Among the point & click adventure games of the mid-1990s,has become one of the most obscure ones. You'll be hard pressed to find records of its existence, let alone more current testimonials of any players from the time of its release or more recent experiences. All that in spite of having scored high marks all across the board when it was new. My personal experience with it wasn't all that far from that. I played it, but never very far. The very few, unspecific recollections I kept were all positive, so it became a bit of a mystery to myself why I never got further than the second major location. Is there anything to this game which makes it universally forgettable? Let's rediscover and test this hypothesis!
Right off the bat, the intro does everything right. Protagonist Ripley, hobby archeologist and adventurer, on the run from armed Egyptian baddies, but saved by a "talking" Sphinx. Or was it just the wind? Then cut to a romantic dinner in New York with Mei Ling, his girlfriend. With Chinese evildoers right in the vicinity, unknown to him. Then cut to the initial interactive scene involving a dangerous cobra. All this sets the scene perfectly: adventure, danger, mystery, love… The fact that graphically, the game uses badly aged rendering backgrounds with slightly grainy, digitized actors pasted in front wouldn't have occurred to me as problematic in the mid-90s at all. And, by the way, it does get better as the game progresses.
The scenery is rich, both graphically and aurally. Many small details can be seen and examined, even if they serve no immediate gameplay purpose. All serving the implicit characterization of our hero, the owner of the place or this particular part of the world. Even background noise is customized per location.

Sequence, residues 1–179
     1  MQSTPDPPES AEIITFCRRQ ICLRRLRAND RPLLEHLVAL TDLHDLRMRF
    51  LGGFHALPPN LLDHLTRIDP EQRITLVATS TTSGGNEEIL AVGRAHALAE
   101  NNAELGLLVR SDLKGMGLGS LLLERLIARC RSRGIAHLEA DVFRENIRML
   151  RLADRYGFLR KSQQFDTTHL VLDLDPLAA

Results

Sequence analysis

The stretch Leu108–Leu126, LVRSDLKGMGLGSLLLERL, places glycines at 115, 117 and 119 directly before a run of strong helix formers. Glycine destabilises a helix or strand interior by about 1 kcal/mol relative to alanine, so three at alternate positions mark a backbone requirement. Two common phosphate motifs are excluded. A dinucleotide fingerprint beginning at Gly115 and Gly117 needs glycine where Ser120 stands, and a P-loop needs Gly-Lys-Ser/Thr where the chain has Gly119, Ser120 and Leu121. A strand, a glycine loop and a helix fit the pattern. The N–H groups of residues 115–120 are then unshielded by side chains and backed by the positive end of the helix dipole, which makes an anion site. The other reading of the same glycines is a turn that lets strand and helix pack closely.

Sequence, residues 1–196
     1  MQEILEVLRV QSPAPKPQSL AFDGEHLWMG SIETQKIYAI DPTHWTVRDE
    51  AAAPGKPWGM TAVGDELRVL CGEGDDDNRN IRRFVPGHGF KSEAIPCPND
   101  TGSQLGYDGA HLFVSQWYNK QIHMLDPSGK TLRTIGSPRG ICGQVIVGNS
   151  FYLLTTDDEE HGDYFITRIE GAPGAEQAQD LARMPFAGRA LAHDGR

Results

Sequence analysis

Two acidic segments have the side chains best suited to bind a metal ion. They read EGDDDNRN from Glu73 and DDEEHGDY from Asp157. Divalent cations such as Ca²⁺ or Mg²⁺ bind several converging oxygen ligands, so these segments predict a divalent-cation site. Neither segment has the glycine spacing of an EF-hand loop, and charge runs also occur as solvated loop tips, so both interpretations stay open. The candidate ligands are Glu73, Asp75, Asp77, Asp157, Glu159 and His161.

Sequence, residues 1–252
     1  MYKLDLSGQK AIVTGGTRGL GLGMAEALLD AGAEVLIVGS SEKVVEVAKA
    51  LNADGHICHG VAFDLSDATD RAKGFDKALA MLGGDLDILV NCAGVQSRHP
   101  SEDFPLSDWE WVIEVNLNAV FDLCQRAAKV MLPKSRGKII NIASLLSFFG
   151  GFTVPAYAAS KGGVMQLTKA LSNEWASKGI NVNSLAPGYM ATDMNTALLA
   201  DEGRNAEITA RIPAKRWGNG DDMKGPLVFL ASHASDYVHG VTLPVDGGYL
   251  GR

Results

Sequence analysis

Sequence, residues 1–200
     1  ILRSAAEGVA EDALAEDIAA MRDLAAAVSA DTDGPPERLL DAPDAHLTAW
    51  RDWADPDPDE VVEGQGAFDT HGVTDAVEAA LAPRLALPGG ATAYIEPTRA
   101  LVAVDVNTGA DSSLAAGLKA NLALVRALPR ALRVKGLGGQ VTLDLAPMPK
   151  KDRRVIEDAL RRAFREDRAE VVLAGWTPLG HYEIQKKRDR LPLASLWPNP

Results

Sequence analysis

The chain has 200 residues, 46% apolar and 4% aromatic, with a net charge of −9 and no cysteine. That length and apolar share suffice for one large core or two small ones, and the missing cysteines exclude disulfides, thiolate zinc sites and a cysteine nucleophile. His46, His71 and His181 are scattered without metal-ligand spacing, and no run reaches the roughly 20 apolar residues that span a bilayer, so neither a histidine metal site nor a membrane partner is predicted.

Plot and characters are equally promising. Paying tribute to the adventure novels of the 1920s and 1930s, the yellow peril theme gets mixed up with the rise of the nazi movement in Germany and the looming threat of worldwide war in a semi-ironic plot played straight to the knowing audience. Within this frame, genre archetypes like the sadist Asian henchman, the highly cultured bad guy and the damsel in distress play their expected parts. It's only Mei Ling who escapes these treasured stereotying to save Ripley's hide time and time again. Imagine Indiana Jones in a Sax Rohmer story and you get the picture.
With plot and characters so much on the forefront,nevertheless isn't nearly as dialogue heavy as most of its contemporaries. Writing is to the point and what is exchanged is not just well-written, but also almost always relevant. True to the genre, death exists, but it isn't fatal: the player is simply put back into the spot right before the fatal mistake happened. Last, but not least, there is a (mostly) optional mini-game hidden beneath the main plot. At all the stops of the world-hopping adventure, little curiosities, treasures or artifacts can be found which Ripley can send back to improve the exhibition in his home base. Thus earning him the money necessary to finance those travels.